Short bowel syndrome (SBS) represents a loss of sufficient length of intestine to allow for the absorption of nutrients and fluids to sustain life. The majority of people affected by SBS are infants and children, and mortality rates exceed 30%. Care for each SBS patient is in excess of $200,000 per year, and estimated costs in the United States have exceeded $1 billion annually. Numerous strategies have been used to treat SBS with limited success, including the use of growth hormones to stimulate intestinal function, surgical modification of the organs to increase intestinal length, and organ transplantation. These strategies are not universally effective and each poses unique, significant risks to the patient. Research suggests that placing mechanical tension on organs including bone, lung, and neural tissue is capable of stimulating the tissue to grow. This growth is due to the principle of mechanotransduction, or the translation of mechanical signals into biochemical signals inside cells within the tissue. This principle provides a promising approach to the development of new therapies for SBS.
Researchers at the University of Michigan have invented a device capable of lengthening the small intestine almost three-fold over a short timeframe. Specifically, they are developing a fully implantable device, optimized for use in children and infants suffering from SBS. The organ lengthening device works by applying measured, controlled distraction forces along the length of the small intestine. The intestinal lengthening produced by the device is actual growth of the organ, as characterized by increased epithelial cell proliferation and crypt depth. Importantly, lengthening of the intestine by the technology preserves the permeability and transport functions of the organ.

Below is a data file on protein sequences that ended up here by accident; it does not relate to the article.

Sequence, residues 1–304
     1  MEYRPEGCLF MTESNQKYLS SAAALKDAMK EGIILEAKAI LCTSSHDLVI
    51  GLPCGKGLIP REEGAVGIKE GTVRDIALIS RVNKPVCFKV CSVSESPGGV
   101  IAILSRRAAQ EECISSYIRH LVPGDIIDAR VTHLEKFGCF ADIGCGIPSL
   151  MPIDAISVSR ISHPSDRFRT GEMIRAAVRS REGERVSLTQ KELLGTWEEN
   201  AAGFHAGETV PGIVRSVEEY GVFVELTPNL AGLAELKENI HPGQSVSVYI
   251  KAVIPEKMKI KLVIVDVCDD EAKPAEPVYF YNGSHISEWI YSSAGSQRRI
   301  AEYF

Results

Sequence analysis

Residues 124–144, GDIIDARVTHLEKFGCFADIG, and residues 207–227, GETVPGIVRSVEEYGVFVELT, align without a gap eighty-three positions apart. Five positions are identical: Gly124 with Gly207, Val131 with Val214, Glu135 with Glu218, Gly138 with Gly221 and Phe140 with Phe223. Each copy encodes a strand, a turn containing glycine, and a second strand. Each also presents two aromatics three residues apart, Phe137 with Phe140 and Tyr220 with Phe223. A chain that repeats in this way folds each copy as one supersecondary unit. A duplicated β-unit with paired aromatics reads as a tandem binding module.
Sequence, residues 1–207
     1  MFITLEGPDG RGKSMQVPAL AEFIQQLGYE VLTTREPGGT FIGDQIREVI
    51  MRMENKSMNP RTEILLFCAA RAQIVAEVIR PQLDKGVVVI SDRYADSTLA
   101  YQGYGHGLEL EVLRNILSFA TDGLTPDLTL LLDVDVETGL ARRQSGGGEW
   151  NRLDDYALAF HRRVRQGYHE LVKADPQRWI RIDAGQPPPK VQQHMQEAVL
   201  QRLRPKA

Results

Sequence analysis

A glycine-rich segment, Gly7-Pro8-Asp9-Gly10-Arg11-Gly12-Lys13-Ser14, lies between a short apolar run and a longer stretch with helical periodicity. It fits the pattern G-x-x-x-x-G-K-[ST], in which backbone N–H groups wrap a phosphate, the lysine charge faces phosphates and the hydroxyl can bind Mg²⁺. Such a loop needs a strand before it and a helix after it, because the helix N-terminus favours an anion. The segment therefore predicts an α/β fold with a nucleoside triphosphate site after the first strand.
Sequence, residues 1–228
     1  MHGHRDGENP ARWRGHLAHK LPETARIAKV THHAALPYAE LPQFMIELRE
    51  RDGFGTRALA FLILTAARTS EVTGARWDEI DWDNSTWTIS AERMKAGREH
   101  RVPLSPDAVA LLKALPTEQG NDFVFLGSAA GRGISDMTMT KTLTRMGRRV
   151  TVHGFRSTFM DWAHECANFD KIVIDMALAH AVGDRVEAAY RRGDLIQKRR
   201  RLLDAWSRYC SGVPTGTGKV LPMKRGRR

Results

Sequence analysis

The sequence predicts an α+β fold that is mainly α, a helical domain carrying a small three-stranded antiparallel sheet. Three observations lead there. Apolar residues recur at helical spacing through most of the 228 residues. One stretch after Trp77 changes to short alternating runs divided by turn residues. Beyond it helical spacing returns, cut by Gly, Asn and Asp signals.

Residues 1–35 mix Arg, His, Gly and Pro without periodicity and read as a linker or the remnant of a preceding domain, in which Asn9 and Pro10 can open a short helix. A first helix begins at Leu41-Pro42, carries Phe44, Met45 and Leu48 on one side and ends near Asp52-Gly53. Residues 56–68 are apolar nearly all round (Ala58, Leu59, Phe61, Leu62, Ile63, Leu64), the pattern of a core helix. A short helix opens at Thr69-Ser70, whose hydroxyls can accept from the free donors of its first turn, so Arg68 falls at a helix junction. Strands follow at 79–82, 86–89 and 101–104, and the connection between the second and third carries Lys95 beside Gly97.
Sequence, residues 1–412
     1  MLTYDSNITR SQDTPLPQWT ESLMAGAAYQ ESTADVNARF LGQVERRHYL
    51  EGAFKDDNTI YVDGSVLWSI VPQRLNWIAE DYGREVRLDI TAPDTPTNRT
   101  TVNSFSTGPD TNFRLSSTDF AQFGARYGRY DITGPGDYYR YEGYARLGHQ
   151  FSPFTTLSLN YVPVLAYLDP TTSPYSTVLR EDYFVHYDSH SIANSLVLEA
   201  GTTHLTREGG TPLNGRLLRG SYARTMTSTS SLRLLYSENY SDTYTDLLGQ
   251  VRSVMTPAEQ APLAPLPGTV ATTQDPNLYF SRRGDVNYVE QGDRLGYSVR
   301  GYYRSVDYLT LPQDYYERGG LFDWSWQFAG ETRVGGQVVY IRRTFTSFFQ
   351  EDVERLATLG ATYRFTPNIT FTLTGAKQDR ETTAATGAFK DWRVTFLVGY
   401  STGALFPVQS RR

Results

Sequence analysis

Applications and Advantages
- Treatment of Short Bowel Syndrome (SBS)
- Tissue expansion for other soft tissues (e.g. lung, neuronal tissue)
- Device allows for control of rate of tissue growth
- Device can be optimized for multiple patient age groups